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Clin J Sport Med. 2014 Sep;24(5):385-9. doi: 10.1097/JSM.0000000000000056.

The role of magnetic resonance imaging in a Division I university sports medicine program.

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*Division of Sports Medicine and Shoulder Surgery, Department of Orthopaedic Surgery, Saint Louis University, Saint Louis, Missouri; †Division of Sports Medicine, Department of Family Medicine, Saint Louis University, Saint Louis, Missouri; ‡BJC Sports Medicine and Orthopedic Specialists, Edwardsville, Illinois; and §Advanced Orthopedics and Sports Medicine, Saint Louis, Missouri.



To prospectively document musculoskeletal magnetic resonance imaging (MRI) use and how it affects diagnosis, playing status, and treatment of Division I university athletes. We hypothesized that MRI often has little or no effect on the diagnosis or treatment plan.


Cross-sectional study.


Division I university sports medicine program.


Division I university varsity athletes.


Data were collected of musculoskeletal MRI use in varsity student athletes for 2 full academic years from 2010 to 2012 at a National Collegiate Athletic Association Division I institution.


Timing of the injury, first physician visit, and MRI and pre- and post-MRI diagnosis, playing status, and treatment (surgical vs nonsurgical).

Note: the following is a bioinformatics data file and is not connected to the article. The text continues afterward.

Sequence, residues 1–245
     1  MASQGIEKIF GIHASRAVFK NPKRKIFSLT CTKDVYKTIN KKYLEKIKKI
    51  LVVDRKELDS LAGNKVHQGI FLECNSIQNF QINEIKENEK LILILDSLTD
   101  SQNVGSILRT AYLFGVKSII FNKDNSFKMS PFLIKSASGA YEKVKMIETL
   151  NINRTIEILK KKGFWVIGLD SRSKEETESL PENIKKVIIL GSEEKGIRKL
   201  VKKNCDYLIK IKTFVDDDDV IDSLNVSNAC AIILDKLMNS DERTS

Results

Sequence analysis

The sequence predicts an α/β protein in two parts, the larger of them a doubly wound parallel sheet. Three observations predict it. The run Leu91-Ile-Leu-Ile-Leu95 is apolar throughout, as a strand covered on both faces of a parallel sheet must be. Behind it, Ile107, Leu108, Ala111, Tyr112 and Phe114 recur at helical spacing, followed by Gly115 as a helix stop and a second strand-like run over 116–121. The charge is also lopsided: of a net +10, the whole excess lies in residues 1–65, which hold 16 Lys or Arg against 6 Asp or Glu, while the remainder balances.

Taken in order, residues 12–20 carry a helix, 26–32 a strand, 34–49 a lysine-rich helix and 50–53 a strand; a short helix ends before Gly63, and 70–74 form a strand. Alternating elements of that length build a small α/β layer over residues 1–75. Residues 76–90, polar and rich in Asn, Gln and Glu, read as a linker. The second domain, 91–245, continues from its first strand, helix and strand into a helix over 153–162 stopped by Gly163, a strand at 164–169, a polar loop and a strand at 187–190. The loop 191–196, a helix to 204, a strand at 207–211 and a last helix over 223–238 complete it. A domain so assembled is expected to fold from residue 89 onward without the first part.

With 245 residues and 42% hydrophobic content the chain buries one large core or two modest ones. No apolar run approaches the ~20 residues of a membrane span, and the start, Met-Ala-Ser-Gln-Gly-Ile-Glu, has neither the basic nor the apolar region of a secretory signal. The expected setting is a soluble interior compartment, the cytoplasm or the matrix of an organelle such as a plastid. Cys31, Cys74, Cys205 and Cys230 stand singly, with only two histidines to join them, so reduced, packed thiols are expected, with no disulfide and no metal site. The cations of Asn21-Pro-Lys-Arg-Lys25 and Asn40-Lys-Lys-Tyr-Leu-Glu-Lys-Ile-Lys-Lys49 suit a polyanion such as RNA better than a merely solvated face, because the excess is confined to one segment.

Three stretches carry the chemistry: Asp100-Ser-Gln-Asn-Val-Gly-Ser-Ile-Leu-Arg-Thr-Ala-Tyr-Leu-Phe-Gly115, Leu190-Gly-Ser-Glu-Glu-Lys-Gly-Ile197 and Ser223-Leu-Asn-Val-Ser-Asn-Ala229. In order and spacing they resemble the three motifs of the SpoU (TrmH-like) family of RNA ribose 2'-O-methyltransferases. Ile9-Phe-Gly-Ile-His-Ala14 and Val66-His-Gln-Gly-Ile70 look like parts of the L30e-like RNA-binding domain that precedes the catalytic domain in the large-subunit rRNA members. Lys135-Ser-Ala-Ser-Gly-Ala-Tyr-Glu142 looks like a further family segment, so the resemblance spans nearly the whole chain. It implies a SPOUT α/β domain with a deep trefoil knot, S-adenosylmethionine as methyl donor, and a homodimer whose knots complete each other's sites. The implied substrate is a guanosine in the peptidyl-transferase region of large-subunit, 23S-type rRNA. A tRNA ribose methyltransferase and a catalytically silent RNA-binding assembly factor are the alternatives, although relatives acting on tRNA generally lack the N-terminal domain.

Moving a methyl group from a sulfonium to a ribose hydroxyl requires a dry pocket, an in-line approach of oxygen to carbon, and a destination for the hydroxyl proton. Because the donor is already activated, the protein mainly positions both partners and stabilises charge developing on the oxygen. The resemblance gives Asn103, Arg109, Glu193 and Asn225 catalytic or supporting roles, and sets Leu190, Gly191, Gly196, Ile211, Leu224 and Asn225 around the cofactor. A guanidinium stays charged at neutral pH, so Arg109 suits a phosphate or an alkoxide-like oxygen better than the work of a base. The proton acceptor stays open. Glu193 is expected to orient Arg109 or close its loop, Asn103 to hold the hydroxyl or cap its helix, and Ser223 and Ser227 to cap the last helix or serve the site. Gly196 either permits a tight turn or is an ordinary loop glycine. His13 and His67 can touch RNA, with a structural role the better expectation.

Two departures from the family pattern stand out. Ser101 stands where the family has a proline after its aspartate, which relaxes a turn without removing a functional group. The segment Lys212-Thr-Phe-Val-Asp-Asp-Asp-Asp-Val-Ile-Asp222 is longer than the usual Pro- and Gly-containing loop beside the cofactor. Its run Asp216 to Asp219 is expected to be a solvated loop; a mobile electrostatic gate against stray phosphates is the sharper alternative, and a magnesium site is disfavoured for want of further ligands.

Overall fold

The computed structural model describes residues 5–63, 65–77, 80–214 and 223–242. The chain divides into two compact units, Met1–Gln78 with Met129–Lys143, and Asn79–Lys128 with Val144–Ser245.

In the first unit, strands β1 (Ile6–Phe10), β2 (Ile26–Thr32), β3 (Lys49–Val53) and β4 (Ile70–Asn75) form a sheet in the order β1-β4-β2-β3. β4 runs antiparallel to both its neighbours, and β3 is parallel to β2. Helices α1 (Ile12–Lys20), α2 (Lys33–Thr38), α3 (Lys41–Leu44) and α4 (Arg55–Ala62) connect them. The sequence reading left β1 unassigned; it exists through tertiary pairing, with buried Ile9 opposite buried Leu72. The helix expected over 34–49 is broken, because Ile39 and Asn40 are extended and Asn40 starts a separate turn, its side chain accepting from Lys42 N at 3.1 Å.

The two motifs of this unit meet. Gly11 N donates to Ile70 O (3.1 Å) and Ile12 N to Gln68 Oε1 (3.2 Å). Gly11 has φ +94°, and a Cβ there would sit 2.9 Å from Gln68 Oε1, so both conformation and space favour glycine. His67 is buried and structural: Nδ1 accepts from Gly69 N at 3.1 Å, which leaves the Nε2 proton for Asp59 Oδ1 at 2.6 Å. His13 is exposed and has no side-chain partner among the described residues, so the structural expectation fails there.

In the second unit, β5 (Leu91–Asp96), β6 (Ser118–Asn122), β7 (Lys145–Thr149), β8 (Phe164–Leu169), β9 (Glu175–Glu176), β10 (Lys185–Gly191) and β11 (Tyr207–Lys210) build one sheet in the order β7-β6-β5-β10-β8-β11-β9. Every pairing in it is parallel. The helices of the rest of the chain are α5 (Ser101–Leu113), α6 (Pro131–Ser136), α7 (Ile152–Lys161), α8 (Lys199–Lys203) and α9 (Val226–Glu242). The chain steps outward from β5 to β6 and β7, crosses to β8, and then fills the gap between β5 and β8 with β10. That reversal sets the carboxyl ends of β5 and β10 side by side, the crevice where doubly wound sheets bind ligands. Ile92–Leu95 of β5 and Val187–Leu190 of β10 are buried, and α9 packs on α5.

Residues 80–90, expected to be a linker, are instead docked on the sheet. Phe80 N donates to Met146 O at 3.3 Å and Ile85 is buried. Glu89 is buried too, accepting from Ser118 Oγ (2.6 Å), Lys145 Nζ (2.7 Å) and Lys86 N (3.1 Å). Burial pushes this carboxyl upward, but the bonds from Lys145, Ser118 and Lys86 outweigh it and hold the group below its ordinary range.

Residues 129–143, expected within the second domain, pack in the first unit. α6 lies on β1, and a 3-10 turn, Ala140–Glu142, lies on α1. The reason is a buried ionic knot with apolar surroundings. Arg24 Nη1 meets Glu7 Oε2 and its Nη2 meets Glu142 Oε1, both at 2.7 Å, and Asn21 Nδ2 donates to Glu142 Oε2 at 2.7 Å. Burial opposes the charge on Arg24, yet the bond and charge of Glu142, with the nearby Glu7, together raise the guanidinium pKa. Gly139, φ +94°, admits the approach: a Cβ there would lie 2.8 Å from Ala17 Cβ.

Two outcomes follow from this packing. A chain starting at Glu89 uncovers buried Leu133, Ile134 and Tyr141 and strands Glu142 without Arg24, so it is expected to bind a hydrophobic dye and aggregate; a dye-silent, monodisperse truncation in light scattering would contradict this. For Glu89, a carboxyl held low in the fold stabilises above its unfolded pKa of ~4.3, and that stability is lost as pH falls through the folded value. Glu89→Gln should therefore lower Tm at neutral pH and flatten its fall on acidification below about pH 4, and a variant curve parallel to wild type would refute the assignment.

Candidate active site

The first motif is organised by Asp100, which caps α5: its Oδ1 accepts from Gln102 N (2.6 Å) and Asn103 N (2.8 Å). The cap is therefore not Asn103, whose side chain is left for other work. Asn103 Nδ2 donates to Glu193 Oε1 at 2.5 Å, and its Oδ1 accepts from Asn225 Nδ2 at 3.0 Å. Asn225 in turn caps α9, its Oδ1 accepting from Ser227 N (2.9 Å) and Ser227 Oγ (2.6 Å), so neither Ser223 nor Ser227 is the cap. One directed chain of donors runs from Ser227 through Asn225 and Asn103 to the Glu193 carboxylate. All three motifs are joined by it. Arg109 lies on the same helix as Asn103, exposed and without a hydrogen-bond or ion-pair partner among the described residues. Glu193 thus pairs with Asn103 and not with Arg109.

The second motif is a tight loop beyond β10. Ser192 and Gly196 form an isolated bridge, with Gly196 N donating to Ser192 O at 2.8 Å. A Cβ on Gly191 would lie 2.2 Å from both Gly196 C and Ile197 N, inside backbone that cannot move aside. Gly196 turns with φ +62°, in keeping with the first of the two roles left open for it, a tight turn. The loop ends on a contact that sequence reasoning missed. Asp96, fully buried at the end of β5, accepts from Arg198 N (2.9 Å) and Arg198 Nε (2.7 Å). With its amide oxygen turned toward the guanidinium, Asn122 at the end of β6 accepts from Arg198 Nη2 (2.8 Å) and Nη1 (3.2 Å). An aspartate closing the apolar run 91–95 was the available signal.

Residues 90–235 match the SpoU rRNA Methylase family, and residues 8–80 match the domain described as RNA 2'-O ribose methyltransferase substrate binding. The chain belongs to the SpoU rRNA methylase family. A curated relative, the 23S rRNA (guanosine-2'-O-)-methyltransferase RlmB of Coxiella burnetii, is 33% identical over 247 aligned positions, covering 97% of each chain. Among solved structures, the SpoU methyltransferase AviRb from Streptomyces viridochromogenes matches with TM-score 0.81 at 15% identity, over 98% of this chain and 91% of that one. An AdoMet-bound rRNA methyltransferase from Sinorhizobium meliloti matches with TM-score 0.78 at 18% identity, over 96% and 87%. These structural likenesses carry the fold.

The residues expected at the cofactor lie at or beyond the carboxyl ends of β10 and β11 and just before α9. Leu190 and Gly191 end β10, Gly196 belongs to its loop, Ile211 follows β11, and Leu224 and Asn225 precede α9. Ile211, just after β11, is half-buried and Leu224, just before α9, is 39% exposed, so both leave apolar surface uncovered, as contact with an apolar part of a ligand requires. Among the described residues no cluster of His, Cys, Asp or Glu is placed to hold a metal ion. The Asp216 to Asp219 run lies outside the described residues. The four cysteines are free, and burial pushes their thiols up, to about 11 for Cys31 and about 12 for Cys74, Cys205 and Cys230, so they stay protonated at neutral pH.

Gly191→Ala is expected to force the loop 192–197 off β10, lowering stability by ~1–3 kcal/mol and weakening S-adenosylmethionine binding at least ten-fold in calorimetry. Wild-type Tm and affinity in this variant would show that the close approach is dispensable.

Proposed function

Eighty-six MRIs were obtained during the 2 years studied. Average age was 19.9 (18-23) years. Forty-five percent of injuries occurred during competition season, 34% occurred preseason, and 21% occurred postseason. There was a change in diagnosis in 13 athletes (15.1%, 1 led to surgery performed after completion of the season), and there was a change in participation status in 8 athletes (9.3%, 5 increased and 3 decreased). Treatment plan changed in 1 athlete (1.2%). No athlete required surgery immediately after an MRI that was not already being planned. Every athlete treated nonsurgically pre-MRI was able to finish their season.


Magnetic resonance imaging was obtained in 14% of athletes and did not demonstrate a clear benefit over history, examination, and radiographs. Magnetic resonance imaging did change diagnosis in 15% of cases, though it did not appreciably change the playing status or treatment plan.

[Indexed for MEDLINE]

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